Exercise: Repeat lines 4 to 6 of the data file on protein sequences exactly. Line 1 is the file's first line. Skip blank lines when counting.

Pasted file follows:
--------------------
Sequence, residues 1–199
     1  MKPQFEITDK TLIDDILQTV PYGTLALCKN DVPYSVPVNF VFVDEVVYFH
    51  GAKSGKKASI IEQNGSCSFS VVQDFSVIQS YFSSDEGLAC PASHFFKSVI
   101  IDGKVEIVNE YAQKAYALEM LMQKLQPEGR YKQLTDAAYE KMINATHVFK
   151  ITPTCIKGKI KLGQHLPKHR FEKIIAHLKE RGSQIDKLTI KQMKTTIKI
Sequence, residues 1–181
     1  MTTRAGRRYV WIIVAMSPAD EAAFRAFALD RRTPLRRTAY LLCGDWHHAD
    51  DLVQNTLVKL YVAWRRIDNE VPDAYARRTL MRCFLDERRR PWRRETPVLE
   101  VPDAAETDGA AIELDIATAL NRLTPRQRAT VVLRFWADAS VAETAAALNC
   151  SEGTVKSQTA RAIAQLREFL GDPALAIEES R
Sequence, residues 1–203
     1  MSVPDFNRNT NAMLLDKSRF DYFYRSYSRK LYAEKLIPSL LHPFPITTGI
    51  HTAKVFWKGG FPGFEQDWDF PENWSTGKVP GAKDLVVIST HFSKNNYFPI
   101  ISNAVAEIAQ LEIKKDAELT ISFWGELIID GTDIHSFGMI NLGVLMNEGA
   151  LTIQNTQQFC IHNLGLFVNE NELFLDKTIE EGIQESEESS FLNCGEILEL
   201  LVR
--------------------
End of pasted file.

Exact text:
   101  IDGKVEIVNE YAQKAYALEM LMQKLQPEGR YKQLTDAAYE KMINATHVFK
   151  ITPTCIKGKI KLGQHLPKHR FEKIIAHLKE RGSQIDKLTI KQMKTTIKI
Sequence, residues 1–181